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Bielsa guides Leeds out of English football's wilderness

When the club made Bielsa the highest-paid boss in their history in June, the appointment was greeted with a mixture of apprehension and intrigue. Today, he is on the verge of becoming a hero to the club's long-suffering fans.

Friday 1 February, 2019
Marcelo Bielsa, pictured in his new office, on his first day as manager of Leeds United Football Club.
Marcelo Bielsa, pictured in his new office, on his first day as manager of Leeds United Football Club. Foto:Courtesy Leeds United

After decades in the wilderness, Leeds United are chasing a long-awaited return to the Premier League – thanks to the eccentric genius of Marcelo Bielsa.

Bielsa's side currently sit three points clear at the top of the Championship heading into Saturday's crucial clash with second-placed Norwich. With 17 games remaining, Leeds are on course for promotion to the promised land after 15 years of purgatory in the lower leagues.

The sleeping giants from Yorkshire are stirring at last – fittingly just months away from the 100th anniversary of their foundation in October, 1919.

Leeds United's unexpected revival has been masterminded by Bielsa, the 63-year-old nicknamed 'El Loco' for his hair-raising antics throughout a colourful managerial career.

When the club made Bielsa the highest-paid boss in their history in June, the appointment was greeted with a mixture of apprehension and intrigue.

The Argentine is Leeds' 11th man at the helm in just six seasons, including Neil Redfearn twice, a statistic that underlined what a mess the once-proud club had become.

Add Bielsa's reputation as a volatile character and it seemed Leeds chairman Andrea Radrizzani was throwing petrol on a raging fire by hiring the former Marseille coach.

But, showing why Pep Guardiola describes him as the "best manager in the world", Bielsa and Leeds have proved a match made in heaven.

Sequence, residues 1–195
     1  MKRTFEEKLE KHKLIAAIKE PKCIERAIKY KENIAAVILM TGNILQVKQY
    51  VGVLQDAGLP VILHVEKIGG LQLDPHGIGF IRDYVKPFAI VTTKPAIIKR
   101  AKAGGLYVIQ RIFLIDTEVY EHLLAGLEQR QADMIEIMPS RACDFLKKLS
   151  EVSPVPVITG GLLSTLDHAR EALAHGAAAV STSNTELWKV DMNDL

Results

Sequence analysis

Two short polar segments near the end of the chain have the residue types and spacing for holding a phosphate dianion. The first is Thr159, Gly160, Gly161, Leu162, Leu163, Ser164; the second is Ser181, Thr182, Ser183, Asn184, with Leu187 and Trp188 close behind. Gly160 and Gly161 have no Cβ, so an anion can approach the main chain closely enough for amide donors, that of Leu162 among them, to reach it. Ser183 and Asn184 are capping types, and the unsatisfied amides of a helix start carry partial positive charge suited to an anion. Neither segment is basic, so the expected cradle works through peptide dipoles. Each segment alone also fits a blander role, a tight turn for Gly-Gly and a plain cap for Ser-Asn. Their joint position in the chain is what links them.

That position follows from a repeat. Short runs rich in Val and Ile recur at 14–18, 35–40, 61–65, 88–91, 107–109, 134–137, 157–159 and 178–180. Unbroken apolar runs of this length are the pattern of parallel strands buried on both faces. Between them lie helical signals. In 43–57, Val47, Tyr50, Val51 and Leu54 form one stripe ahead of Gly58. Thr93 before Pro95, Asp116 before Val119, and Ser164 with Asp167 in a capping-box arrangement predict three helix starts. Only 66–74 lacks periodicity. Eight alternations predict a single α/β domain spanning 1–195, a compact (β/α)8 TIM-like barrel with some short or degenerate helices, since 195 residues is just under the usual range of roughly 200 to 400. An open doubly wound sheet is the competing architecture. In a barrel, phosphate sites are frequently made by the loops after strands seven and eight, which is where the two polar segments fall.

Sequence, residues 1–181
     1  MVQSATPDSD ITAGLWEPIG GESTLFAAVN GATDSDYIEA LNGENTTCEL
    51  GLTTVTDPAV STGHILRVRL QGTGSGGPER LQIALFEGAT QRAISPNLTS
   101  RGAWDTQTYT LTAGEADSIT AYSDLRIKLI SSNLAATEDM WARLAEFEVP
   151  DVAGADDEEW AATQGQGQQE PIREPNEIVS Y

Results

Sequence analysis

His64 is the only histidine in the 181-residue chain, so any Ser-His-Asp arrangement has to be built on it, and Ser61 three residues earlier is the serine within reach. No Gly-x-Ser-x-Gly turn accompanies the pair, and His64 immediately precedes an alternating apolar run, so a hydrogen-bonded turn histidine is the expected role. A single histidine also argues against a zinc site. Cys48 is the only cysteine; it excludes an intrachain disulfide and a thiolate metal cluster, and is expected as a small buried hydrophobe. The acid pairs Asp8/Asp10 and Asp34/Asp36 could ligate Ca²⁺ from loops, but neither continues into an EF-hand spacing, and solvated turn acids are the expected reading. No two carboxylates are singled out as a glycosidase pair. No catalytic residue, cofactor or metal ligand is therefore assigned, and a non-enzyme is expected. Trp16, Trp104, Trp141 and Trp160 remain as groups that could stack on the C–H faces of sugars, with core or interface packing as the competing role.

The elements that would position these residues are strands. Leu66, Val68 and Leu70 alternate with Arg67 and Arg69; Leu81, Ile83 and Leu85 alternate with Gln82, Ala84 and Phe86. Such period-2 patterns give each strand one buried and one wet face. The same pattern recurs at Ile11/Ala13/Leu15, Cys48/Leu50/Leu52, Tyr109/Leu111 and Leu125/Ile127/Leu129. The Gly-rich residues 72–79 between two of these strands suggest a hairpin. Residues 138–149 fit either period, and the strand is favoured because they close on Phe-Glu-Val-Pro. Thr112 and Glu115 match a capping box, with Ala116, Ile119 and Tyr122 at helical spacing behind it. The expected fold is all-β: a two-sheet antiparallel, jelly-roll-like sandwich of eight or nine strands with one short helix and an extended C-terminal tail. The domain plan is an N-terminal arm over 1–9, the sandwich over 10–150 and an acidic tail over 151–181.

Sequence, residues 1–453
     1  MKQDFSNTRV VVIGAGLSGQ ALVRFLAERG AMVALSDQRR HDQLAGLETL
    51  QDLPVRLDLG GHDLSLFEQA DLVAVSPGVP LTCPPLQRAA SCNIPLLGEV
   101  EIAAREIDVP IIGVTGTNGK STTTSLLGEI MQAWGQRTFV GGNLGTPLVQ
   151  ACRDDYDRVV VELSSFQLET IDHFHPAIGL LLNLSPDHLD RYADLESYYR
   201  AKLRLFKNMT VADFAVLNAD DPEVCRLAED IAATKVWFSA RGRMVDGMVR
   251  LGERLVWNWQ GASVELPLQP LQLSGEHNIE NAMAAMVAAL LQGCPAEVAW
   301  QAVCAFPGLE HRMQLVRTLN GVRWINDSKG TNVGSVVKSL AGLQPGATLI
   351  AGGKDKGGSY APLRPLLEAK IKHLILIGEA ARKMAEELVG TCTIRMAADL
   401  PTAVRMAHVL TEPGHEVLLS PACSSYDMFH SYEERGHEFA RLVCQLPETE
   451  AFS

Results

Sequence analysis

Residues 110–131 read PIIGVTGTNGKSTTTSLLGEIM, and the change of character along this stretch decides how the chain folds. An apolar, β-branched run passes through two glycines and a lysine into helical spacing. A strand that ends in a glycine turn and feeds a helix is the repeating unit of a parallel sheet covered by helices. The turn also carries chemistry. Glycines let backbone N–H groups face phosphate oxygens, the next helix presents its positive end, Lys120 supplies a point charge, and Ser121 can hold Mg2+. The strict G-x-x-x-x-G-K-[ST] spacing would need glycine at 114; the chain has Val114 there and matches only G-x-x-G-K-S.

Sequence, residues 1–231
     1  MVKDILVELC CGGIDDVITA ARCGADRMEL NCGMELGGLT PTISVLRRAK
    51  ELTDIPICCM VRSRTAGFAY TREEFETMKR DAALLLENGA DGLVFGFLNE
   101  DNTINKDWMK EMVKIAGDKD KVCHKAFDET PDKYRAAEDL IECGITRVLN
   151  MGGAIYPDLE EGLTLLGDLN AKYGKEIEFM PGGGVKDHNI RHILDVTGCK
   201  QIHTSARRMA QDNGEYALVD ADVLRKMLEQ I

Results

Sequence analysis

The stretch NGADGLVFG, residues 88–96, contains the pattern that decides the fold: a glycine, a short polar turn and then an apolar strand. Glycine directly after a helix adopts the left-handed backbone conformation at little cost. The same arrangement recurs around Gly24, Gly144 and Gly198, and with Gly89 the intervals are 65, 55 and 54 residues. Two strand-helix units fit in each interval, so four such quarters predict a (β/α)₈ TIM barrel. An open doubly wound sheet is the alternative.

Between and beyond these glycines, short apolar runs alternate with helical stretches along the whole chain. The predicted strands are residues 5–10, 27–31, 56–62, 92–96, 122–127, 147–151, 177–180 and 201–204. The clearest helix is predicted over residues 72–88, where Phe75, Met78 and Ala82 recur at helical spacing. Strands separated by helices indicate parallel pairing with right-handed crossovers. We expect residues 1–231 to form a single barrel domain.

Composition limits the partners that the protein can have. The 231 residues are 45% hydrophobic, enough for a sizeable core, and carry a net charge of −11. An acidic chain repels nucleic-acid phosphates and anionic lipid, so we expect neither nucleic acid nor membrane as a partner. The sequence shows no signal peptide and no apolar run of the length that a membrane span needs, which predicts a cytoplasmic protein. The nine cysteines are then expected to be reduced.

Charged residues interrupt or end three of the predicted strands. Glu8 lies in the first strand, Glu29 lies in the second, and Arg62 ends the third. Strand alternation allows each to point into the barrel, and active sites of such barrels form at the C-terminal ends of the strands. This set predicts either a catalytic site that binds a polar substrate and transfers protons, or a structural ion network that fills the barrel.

With a commitment to a high-tempo attacking style, Bielsa has moulded the team in his own image, all the while watching the action from an upturned blue bucket on the touchline.

He claims his curious vantage point gives him a better view because the dugouts at Elland Road are below pitch level.

That sideshow, typical of his idiosyncratic style, should not detract from Bielsa's demanding and detailed philosophy – which has him insisting players clean their own changing room and putting them through gruelling 12-hour days in pre-season.

"I am not a demagogue. When I speak I try not to please people. I try not to lie and I try to tell the truth but sometimes it's hard not to be empathetic," Bielsa says of the secret to his success.

He even had a bed and kitchen installed for himself at the training ground and requested sleeping areas for his backroom staff as they work into the small hours.

"He is very strict. It is like being in the military," Leeds midfielder Mateusz Klich said.

The manager's scorched earth approach has turned the tide at a tortured club infamously labelled the 'Damned United' by novelist David Peace.

Revolution

Champions of England in 1969 and 1974 under Don Revie, then in 1992 when Howard Wilkinson called the shots, Leeds have a rich history. But since being relegated from the top tier 15 years ago, Leeds have stumbled from financial disaster off the pitch to despair on it.

Describing the club's ascent to the heady heights of the Champions League in the early 2000s, former chairman Peter Ridsdale claimed he had "lived the dream." But their subsequent fall from grace was a never-ending nightmare that hit its lowest ebb in 2007 when Leeds went into administration and were relegated to the third tier for the first time.

No wonder Leeds fans have lapped up the Bielsa revolution. That replicas of that famous bucket are a popular item in the Leeds club shop speaks to the self-depreciating humour so prevalent in Yorkshire.

But the debt of gratitude felt by supporters for the Argentine is far more profound.

"Bielsa is not like any manager we have had before. He has a football mind, he lives and breathes football knowledge," Julie Trimble, a Leeds season-ticket holder and fan since 1971, told AFP.

"Nobody expected Bielsa to be as good as reported in the press. Leeds have had 'good managers' in the past and they haven't done what they have done at other clubs. I don't think we have had a manager like him before. People say he is like Don Revie. I don't think so, he is unique."

Even the recent spy-gate scandal – which saw Bielsa admit he sent staff members to watch opposing teams in training – has only strengthened the bond between the win-at-all-costs manager and the long-suffering supporters.

"We are very happy at the moment. We have had too many bad years. I think it's time Leeds had some joy at last," Trimble said.

Thanks to Bielsa, that bucket-list dream of reaching the Premier League is in sight at last.

by Steven Griffiths, AFP

Op-Ed

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